When the tornadoes hit, survivors hid in bathtubs, shipping containers

When the tornadoes hit, survivors hid in bathtubs, shipping containers

When the tornadoes hit, survivors hid in bathtubs, shipping containers

An Alabama motor mechanic took refuge in a shipping container as a tornado from a severe storm decimated his workshop and killed two of his neighbors along its destructive path through Alabama and Georgia.

The harrowing stories of David Hollon and other survivors of Thursday’s storm emerge as residents navigate the rubble caused by tornadoes and high winds that killed at least nine people.

In rural Autauga County, Alabama, where at least seven people died, Hollon and his workers saw a huge tornado heading their way. They had to take cover – immediately.

Hollon said they came across a metal shipping container near the back of his garage because the container had been anchored to the ground with concrete. Once inside, Hollon began frantically calling his neighbor on the phone. But as they heard the garage being devastated by the storm, the call continued to voicemail.

The storm passed and they emerged, only to find his neighbor’s body in the street, he said. Another neighbor up the road had also died, a family member said.

“I guess we did a lot better than most. We suffered damage, but we are still here,” Hollon, 52, said in an interview on Saturday as he walked through the remains of his garage, crossing a field littered with battered cars, broken glass, broken tree branches, splintered wood and other debris.

Leighea Johnson, a 54-year-old cafeteria worker who also lives in Autauga County, stood among the scattered remains of her trailer. She pointed to a large pile of rubble which she identified as her bedroom, her bathroom and her kitchen.

A swing she had in her backyard was now across the street, mutilated among some trees. His outdoor trampoline had been wrapped around another set of trees in a neighbor’s front yard.

“The trailer should be there, and now it isn’t,” Johnson said, pointing to a debris-covered slab, “And it’s everywhere now.”

The storm brought tornadoes and powerful winds to Alabama and Georgia that uprooted trees, sent mobile homes flying, derailed a freight train, flipped cars, cracked utility poles and downed power lines, leaving thousands of people without electricity. According to the National Weather Service, suspected tornado damage has been reported in at least 14 counties in Alabama and 14 counties in Georgia.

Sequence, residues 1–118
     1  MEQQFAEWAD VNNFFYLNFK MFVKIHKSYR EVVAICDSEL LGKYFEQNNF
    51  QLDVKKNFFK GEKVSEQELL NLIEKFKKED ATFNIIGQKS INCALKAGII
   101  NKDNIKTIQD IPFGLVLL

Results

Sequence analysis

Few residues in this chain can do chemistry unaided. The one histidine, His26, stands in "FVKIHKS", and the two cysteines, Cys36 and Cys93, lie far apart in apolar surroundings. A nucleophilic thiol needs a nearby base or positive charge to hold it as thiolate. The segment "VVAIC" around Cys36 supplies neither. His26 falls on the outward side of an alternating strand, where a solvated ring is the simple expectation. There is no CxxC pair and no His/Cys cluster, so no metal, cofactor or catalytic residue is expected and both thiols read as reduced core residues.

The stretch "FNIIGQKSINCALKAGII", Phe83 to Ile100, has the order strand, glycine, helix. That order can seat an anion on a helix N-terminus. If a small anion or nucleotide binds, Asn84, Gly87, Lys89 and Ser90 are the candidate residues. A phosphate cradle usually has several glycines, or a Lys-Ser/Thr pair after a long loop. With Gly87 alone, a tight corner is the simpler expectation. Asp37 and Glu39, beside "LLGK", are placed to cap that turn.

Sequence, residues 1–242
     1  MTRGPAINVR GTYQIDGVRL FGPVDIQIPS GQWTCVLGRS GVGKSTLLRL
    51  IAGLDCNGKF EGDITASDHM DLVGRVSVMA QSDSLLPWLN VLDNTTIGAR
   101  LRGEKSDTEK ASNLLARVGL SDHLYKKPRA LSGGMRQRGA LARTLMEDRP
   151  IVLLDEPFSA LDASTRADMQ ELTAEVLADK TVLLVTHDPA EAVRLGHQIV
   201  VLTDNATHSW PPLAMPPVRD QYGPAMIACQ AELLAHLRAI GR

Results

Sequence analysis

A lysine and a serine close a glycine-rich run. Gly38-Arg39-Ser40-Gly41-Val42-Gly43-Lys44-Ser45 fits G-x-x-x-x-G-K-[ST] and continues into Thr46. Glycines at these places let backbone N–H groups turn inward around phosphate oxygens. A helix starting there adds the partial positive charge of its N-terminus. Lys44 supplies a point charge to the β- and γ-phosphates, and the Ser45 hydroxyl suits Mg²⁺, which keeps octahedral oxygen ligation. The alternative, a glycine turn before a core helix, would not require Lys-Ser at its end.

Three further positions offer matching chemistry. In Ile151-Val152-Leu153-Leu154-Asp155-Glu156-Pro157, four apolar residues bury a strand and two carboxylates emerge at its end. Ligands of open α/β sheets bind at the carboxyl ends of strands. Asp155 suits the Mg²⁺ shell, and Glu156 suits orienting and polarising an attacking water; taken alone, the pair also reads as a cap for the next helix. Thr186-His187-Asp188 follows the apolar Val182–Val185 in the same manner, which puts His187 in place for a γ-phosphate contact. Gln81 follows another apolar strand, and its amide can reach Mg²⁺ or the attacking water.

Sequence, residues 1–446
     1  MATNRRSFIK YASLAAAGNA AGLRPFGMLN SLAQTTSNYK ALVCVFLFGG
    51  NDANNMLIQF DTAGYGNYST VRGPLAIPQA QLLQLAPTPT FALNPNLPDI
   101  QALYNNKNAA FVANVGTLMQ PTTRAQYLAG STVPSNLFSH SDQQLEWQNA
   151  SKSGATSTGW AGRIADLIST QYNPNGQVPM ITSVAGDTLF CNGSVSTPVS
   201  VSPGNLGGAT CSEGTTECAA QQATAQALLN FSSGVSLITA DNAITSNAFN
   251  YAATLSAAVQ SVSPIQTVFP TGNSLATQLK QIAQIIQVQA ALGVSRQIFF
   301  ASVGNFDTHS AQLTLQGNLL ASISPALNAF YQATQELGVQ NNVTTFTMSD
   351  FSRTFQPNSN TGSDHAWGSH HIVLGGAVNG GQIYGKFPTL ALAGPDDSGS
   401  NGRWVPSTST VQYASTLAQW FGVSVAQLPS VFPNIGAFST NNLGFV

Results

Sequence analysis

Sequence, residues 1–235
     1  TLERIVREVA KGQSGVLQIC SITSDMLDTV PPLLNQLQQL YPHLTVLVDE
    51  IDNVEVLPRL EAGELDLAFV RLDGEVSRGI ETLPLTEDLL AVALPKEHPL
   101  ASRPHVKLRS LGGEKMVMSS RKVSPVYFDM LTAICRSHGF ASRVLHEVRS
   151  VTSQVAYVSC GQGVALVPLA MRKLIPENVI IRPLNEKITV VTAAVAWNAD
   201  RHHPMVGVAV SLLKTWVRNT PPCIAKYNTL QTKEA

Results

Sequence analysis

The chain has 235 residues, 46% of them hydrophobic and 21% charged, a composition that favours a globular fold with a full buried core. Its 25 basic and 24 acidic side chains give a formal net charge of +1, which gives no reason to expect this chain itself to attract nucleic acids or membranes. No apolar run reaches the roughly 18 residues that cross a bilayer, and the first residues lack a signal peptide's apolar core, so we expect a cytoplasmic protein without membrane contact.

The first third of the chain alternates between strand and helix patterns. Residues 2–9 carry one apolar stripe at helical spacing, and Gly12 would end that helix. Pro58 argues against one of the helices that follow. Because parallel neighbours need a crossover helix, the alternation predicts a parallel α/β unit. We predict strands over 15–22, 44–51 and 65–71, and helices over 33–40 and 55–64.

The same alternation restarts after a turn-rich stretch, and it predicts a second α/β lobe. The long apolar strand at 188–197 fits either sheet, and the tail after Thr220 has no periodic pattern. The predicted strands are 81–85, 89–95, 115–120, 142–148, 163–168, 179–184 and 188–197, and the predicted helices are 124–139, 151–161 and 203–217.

Early Sunday, President Joe Biden declared a major disaster in Alabama and ordered federal aid to supplement recovery efforts in affected areas.

Autauga County officials said the tornado had winds of at least 136 mph (218 km/h) and level damage consistent with an EF3, two steps below the strongest category of tornado. County officials said at least a dozen people were hospitalized and around 40 homes were destroyed or badly damaged, including trailers thrown into the air.

Residents described chaotic scenes as the storm turned towards them. People rushed into shelters, tubs and sheds as the winds blew. In one case, a search team found five people, trapped but uninjured, inside a storm shelter after a wall from a nearby house fell on them.

Downtown Selma suffered severe damage before the worst weather conditions moved through Georgia south of Atlanta. No deaths have been reported in Selma.

Georgia Governor Brian Kemp said the damage was felt across his state. Some of the worst reports emerged from Troup County near the Georgia-Alabama line, where more than 100 homes were affected.

Kemp said a state Department of Transportation employee was killed while responding to storm damage. A 5-year-old child who was in a vehicle was killed by a falling tree in Butts County, Georgia, authorities said. At least 12 people were treated at a hospital in Spalding County, south of Atlanta, where the Weather Service confirmed at least two tornadoes struck.

Johnson, the Autauga County cafeteria worker, said she was at work when she learned the storm would pass directly over her home. She quickly notified her daughter, who was with her 2-year-old grandson at home.

“I called my daughter and I said, ‘You don’t have time to go out, you have to go somewhere now,’ Johnson said, her voice cracking. ‘And she said, ‘I’m going in the tub. If the house is messy, I’ll be in the tub area.

The call was interrupted. Johnson kept calling back. When she finally reunited with her daughter, Johnson said she told him, “Home is gone, home is gone.”

Her daughter and grandson had cuts and bruises, but were fine after a trip to the emergency room, Johnson said.

“I took her home and tried not to let her go after that,” Johnson said. “I lost a lot of things materially and I don’t have insurance but I don’t care, because my child is fine.

“That’s really all that matters to me.”

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